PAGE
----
Lockdown Vs. Protests: Which Is It?
Is social distancing less important than protesting?
By: GenZ Staff | June 8, 2020 | 340 Words
Protests have continued following the death of George Floyd at the hands of a police officer, and not just in the United States.
June 6 featured mostly peaceful protests attended by millions of Americans in cities across the country. It was an event where millions would express their frustration at what happened to Floyd and perhaps many other black men who had met similar fates.
While many feared the protests would turn violent, there was not much of rioting. This may have been partly because of the less aggressive police and security units. On some days, large numbers of officers in full riot gear have confronted protesters, but Saturday’s event in Washington D.C. and other cities had a more relaxed police presence. Since then, the East Coast has calmed down, though violence continues on the West Coast, in cities like Seattle.
There are some concerns that the mass protests could lead to spreading the Coronavirus. “I’m concerned that we had mass gatherings on our streets when we just lifted a stay-at-home order and what that could mean for spikes in coronavirus cases later,” said Muriel Bowser, the mayor of Washington D.C.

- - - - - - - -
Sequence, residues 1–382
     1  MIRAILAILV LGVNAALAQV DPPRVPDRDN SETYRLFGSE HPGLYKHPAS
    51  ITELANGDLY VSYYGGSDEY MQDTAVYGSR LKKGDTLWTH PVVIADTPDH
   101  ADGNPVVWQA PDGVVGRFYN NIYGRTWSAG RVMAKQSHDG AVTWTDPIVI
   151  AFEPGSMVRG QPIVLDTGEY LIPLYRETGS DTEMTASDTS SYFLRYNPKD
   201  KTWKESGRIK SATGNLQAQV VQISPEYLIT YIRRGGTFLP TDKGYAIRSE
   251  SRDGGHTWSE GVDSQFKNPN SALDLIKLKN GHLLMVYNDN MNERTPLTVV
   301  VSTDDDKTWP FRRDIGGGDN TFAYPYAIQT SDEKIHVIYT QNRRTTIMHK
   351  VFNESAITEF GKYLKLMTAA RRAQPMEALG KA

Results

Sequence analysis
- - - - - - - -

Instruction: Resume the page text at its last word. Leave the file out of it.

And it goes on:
Many people are now starting to question why some government officials have supported the mass protests when just a few days ago they were insisting that Americans had to stay locked inside their homes.
“If we don’t wear face masks, if we don’t socially distance, if we sort of shrug this off as a plot, not a real threat to our family, we are going to be in a dangerous position in a beautiful community,” said Washington Governor Jay Inslee on May 29. As his state slowly reopens, Inslee has ordered that people returning to work must wear masks if they are not alone. Yet he praised the massive protests in Seattle and other parts of Washington following the death of George Floyd.
Does this mean that justice is more important than social distancing – or that the lockdown was never needed in the first place?